ACCC calls for holistic digital platform reform


By Dylan Bushell-Embling
Friday, 26 July, 2019


ACCC calls for holistic digital platform reform

The ACCC’s Digital Platforms Inquiry has concluded that widespread, holistic reforms are needed to address the dominance of the top digital platforms and their impact across Australia’s economy.

The final report from the inquiry includes 23 recommendations aimed at addressing the disproportionate market power of webscale providers such as Google and Facebook, and the distorting effect they are having on competition across a range of markets.

These recommendations span competition law, consumer protection, media regulation and privacy law, which ACCC Chair Rod Sims said reflects the intersection of issues arising from the growth of digital platforms.

“Our recommendations are comprehensive and forward looking and deal with the many competition, consumer, privacy and news media issues we have identified throughout the course of this Inquiry,” he said.

“Importantly, our recommendations are dynamic in that they will provide the framework and the information that governments and communities will need to address further issues as they arise. Our goal is to assist the community in staying up to date with these issues and futureproofing our enforcement, regulatory and legal frameworks.”

The inquiry found that the market power of Google and Facebook has distorted the ability of smaller business to compete on their merits in the advertising, media and other markets.

In addition, consumers are not being adequately informed about how their data is collected and used by such providers and have little control over the wide range of data collected.

The inquiry also addressed issues such as Google and Facebook distorting competition via acquiring potential competitors.

Two recommendations aiming to address this issue include changing merger law to consider the likelihood that an acquisition will result in the removal from the market of a potential competitor and requiring large digital platforms to notify the ACCC of proposed acquisitions that may impact competition in Australia.

The ACCC has also recommended that Google be instructed to provide Australian Android users with a choice of search engine and internet browsers under a similar regime to the one being rolled out in Europe.

Another focus of the inquiry involves the impact of digital platforms on the news and media industries. The report found that news content creators are reliant on the dominant digital platforms, yet face difficulties in monetising their content.

Recommendations to address these issues include requiring select digital platforms to provide ACMA with industry codes to address the imbalance in the bargaining relationship between these platforms and news media businesses, harmonising the media regulatory framework to address the regulatory imbalance between news media and digital companies, and providing targeted grants of around $50 million per year to support local journalism.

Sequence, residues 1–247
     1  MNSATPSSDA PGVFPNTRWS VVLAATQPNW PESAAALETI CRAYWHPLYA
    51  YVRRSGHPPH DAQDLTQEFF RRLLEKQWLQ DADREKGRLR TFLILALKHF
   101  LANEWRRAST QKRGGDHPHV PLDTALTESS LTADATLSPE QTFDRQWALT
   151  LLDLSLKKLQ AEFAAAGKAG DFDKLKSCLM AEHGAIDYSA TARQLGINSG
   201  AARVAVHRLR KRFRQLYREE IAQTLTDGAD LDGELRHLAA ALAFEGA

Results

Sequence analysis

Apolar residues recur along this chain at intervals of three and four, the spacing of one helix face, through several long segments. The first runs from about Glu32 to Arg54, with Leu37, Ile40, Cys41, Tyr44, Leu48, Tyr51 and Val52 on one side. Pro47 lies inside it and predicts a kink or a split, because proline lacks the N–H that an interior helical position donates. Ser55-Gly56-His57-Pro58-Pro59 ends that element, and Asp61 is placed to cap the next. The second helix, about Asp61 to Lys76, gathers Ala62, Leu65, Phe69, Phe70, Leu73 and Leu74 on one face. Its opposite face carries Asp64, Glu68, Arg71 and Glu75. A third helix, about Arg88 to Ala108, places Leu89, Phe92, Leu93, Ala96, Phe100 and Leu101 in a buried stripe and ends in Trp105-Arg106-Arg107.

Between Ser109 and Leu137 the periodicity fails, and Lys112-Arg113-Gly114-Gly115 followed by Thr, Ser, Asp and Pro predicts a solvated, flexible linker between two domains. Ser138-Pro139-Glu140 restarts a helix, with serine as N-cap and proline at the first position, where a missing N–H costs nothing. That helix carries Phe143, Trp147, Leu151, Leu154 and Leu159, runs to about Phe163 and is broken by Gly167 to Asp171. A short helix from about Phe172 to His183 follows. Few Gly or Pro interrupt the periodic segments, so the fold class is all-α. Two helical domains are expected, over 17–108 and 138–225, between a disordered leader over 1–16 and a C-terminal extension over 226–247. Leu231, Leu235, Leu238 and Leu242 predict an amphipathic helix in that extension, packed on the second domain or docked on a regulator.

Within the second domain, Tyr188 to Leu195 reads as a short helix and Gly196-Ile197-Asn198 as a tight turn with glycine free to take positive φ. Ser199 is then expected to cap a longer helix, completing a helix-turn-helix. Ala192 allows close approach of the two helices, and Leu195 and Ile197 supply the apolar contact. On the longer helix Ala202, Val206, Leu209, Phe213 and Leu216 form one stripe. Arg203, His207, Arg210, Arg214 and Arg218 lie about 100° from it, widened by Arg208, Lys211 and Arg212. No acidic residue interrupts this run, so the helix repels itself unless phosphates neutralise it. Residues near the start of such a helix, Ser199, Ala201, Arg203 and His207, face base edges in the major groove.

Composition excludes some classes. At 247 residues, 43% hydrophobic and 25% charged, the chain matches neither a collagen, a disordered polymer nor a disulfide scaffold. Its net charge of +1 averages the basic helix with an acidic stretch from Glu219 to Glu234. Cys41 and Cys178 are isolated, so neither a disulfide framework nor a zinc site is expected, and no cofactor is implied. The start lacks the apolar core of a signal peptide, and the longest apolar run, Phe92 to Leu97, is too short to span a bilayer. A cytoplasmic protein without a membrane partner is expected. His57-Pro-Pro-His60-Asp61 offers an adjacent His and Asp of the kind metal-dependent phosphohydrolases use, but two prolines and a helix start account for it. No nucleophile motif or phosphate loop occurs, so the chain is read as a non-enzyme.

To address the rise of fake news, ACMA has recommended requiring digital platforms to design and implement an industry code for handling complaints about deliberately misleading and harmful news stories.

The ACCC also made a range of privacy-related recommendations, including strengthening the Privacy Act with new consumer protections, introducing a privacy code of practice specifically for digital platforms and developing a statutory tort for serious invasions of privacy.

“We’re very concerned that current privacy policies offer consumers the illusion of control but instead are almost legal waivers that give digital platforms broad discretion about how they can use consumers’ data,” Sims said.

“Due to growing concerns in this area, we believe some of the privacy reforms we have recommended should apply economy wide.”

Finally, to enable continued scrutiny of digital platforms, the report recommends that the government establish a specialist digital platforms branch within the agency to monitor and investigate potentially anti-competitive conduct by digital platforms.

The ACCC recommends that one of the first tasks of the new branch should be launching an inquiry into the supply of advertising technology and online advertising services to identify any privacy or efficiency concerns.

Future law enforcement and regulation of digital platforms should be undertaken by current regulators including ACMA, the Office of the Australian Information Commissioner (OAIC) and the ACCC.

“There has been global interest in this timely Australian inquiry and the many significant international reports and external developments in the past 18 months. These reports demonstrate the shared concerns and momentum for reform,” Sims said.

“The world has now recognised the impact of the digital platforms’ market power and the impact this has on consumers, news, businesses and society more broadly. Continuing national and world action will now follow.”

Image credit: ©stock.adobe.com/au/Raman Khilchyshyn

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